I had the privilege of being in Dublin in January to witness the Irish Farmers’ Association mark their 60th anniversary.
It was one of those little jobs that you get given as an office holder of the NFU. As you can imagine, finding myself at a free bar in the midst of two thousand Irishmen in nostalgic mood was not one of the worst of days I’ve had to endure.
In among all the Guinness-fuelled conversation, I tried to discuss how the Irish farmers were handling the new CAP implementation compared with the situation in England.
Predictably by way of reply, I just got a rendition of an old joke that refers to the importance of EU payments to the income of the average farmer.
It goes along the lines of: What does the modern farmer fear more than disease in his stock or tempestuous weather? Answer: A postal strike.
“I’d happily forego all my entitlements and support payments if I could farm in a world where no farmers anywhere got support payments, but I’m a bit wary of not applying for them when my competitors are.” Guy Smith
I suppose the up-to-date version of that joke should read “IT failure” rather than “postal strike”.
I’m one of those farmers who has a love-hate relationship with the CAP and its paperwork – or should I say “screen work”.
I’d happily forego all my entitlements and support payments if I could farm in a world where no farmers anywhere got support payments, but I’m a bit wary of not applying for them when my competitors are.
While my counterparts in France and Germany are benefitting from the CAP, I’d prefer to keep the playing field level by being in the support system rather than nobly setting a lone example outside of it.
So sure enough, just lately I’ve been in the somewhat surreal position of trying to verify my identity to a computer screen to make sure I’m in the game. It wasn’t as brain aching as it sounded.
Unlike most farmers who tried and failed to digitally register through Experian, I was lucky in that I had a mortgage which meant I had a financial relationship with a mortgage provider which, in turn, meant Experian could verify who I was.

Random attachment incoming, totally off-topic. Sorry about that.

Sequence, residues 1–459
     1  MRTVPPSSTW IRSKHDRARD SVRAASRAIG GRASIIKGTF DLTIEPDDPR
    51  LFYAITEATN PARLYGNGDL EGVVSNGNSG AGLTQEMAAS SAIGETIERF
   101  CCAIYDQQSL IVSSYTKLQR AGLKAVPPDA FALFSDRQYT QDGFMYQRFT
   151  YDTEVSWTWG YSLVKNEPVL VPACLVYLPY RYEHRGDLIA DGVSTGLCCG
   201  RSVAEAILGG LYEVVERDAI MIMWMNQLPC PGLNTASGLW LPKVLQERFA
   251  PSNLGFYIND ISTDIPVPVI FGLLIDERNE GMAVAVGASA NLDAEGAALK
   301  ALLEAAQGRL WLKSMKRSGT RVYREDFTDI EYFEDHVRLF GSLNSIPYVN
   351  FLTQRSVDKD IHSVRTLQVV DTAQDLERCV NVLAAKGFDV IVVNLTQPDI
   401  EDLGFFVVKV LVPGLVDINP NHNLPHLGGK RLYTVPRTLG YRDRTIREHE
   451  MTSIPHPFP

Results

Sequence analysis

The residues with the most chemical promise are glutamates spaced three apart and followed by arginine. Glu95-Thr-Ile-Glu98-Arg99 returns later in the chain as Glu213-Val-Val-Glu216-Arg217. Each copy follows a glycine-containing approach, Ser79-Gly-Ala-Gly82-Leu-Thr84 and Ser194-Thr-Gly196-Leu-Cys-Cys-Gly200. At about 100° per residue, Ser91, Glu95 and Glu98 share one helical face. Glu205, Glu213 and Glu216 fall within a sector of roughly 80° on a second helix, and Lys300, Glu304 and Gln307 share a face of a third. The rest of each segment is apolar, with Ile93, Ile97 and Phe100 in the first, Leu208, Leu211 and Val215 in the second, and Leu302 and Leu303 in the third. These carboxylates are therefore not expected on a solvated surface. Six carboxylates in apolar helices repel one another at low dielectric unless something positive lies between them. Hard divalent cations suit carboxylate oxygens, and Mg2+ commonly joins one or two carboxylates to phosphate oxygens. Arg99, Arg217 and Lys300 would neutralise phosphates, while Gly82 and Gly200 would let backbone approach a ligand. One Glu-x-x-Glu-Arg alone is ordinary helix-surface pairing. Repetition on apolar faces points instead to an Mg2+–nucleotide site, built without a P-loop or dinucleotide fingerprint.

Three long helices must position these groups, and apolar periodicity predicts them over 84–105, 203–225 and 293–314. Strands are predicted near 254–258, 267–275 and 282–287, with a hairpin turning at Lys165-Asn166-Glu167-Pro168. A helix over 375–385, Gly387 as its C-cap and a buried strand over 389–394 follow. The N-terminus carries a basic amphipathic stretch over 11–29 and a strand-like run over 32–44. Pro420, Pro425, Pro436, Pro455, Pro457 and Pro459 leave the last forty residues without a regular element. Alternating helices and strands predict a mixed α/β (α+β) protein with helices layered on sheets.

It’s not often I feel grateful that I have a mortgage. I’m told another way Experian easily verifies applicants is if they have a criminal record, but rest assured in my case it was the mortgage.
So now that I’m registered and in the system, I sit and wait for the RPA to add the functionality to the mapping programme so I can establish my EFA.
Given my pre-2012 ELS/HLS scheme and my field beans and my hedges, then digitally mapping my EFA should also be fairly painless.
Having said that, until it comes alive so we can test the system you can’t be sure there might not be more glitches that will need sorting.
“In the past I have stupidly taken pride in burning tyre rubber on the A14 on 15 May to make sure I got my forms in on time.” Guy Smith
One thing I have resolved this year is not to repeat my usual trick of leaving things to the last minute.
In the past I have stupidly taken pride in burning tyre rubber on the A14 on 15 May to make sure I got my forms in on time. This year, given the principle commonly known as “Sod’s law”, I’m going to maximise my window of opportunity by setting about the application exercise as soon as the system allows.
That way, if there are unforeseen problems due on the extra complexities then I’ve maximised my opportunity to sort things out.
As the Scottish bard wrote: “The best laid plans o’ mice and men gang aft agley.” So here’s hoping not to many of our BPS plans go “aft agley” before May.
Guy Smith comes from a mixed family farm on the north-east Essex coast. Situated on the coast close to Clacton-on-Sea, the business is well diversified with a golf course, shop, fishing lakes and airstrip. He is vice-president of the NFU